The reforms proposed in relation to all four are summarised below.
The consultation proposes new reporting and attestation requirements covering internal controls, dividend and capital maintenance decisions, resilience planning which are designed to “sharpen” directors’ accountability in these key management areas within the largest companies. There are also proposals to ensure that the regulator has effective investigation and civil enforcement powers to hold to account directors of large businesses which are of public importance for breaches of their duties in relation to corporate reporting and audit.
Audit, auditors and audit firms
The government states that reform is needed to drive a new auditor mindset and to strengthen the resilience and integrity of the audit market. Central to achieving this is the proposed creation of a new, stand-alone audit profession, underpinned by a common purpose and principles – including a clear public interest focus – and with a reach across all forms of corporate reporting, not just the financial statements. Alongside this the Government is proposing new regulatory measures to increase competition and reduce the potential for conflicts of interest, by providing new opportunities for challenger audit firms and new requirements for audit firms to separate their audit and non-audit practices.
This consultation document proposes further measures to improve stewardship by giving investors stronger and better opportunities to engage with companies, particularly on audit matters. These include a proposal for companies to be required to set out their approach to audit through publication of an audit and assurance policy on which there would be an advisory shareholder vote. Shareholders would also have a formal opportunity to propose to the audit committee areas of emphasis to be considered within the auditor’s annual audit plan.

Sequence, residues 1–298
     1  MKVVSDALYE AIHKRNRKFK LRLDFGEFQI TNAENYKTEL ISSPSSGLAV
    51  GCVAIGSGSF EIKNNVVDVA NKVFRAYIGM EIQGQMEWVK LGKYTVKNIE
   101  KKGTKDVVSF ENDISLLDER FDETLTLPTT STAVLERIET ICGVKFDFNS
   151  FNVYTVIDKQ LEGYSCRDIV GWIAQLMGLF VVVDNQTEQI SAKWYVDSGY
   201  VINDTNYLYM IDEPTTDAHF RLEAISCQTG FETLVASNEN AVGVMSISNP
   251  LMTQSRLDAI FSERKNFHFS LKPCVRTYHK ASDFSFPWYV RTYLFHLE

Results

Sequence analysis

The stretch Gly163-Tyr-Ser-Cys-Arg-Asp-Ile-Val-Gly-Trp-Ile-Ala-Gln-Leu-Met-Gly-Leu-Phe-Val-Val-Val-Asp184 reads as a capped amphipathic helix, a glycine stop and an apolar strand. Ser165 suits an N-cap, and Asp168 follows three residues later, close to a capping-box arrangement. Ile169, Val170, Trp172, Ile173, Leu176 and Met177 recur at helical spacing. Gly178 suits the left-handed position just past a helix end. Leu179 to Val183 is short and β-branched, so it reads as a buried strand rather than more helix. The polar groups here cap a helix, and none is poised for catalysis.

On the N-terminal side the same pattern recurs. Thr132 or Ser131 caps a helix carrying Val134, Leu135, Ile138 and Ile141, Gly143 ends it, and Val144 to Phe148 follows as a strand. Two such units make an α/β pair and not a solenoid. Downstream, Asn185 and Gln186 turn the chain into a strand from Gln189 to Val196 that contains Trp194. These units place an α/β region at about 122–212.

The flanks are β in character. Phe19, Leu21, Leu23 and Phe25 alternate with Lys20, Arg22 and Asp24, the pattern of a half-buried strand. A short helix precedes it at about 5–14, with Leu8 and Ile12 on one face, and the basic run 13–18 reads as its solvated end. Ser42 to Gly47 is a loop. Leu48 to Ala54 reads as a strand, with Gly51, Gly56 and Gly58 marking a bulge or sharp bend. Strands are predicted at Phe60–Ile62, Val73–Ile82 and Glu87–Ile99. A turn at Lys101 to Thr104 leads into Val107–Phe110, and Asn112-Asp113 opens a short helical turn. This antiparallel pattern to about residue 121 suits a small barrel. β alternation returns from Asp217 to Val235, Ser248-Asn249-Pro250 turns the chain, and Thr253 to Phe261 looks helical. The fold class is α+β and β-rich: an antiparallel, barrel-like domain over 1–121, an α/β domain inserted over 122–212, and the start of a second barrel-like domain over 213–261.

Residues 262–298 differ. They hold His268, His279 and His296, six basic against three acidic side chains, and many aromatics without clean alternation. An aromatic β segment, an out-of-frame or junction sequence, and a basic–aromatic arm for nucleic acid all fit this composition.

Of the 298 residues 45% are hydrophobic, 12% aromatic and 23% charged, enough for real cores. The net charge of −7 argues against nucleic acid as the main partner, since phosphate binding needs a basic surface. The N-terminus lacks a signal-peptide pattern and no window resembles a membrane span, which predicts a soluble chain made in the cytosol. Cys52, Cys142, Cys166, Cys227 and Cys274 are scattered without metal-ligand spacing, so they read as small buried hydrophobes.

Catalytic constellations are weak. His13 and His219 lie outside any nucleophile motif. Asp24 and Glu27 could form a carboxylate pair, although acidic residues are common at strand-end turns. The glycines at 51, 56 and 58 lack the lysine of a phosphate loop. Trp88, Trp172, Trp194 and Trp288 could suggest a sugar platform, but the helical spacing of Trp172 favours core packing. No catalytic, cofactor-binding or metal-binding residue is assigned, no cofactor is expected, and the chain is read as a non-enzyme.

The audit regulator
Following the Reviews outlined above in 2018, the consultation papers comment that the FRC, under new leadership, has taken significant steps to strengthen its capabilities.
The proposals are that legislation is needed in many areas to complete the task of remodelling the regulator and to establish the FRC’s successor body, the Audit, Reporting and Governance Authority (ARGA). The consultation document sets out the steps that the Government proposes to take to give ARGA the formal duties, functions and powers.
They include new statutory objectives and functions along with a new statutory levy to replace the existing voluntary levy. The government is also proposing to give the regulator competition powers and new powers to strengthen its corporate reporting review function, its oversight of audit committees and to enforce the corporate reporting duties of directors. The consultation document additionally sets out proposals for the regulator to have responsibility for deciding which individuals and firms should be approved to audit Public Interest Entities.
This consultation paper has some far reaching implications for the future of corporate reporting and responsibilities. For example, if you read the chapter on internal controls it asks whether directors should be required to carry out a review of the effectiveness of their company’s internal controls each year and make a statement, as part of the annual report, as to whether they consider them to have operated effectively.
They also seek opinions on whether auditors should describe their internal controls work and whether or not a formal opinion should be given on internal controls effectiveness.
All auditors and their team should read this consultation paper and perhaps comment directly to the government on its proposals. We will keep you up to date with developments and proposed legislation after the consultation period ends.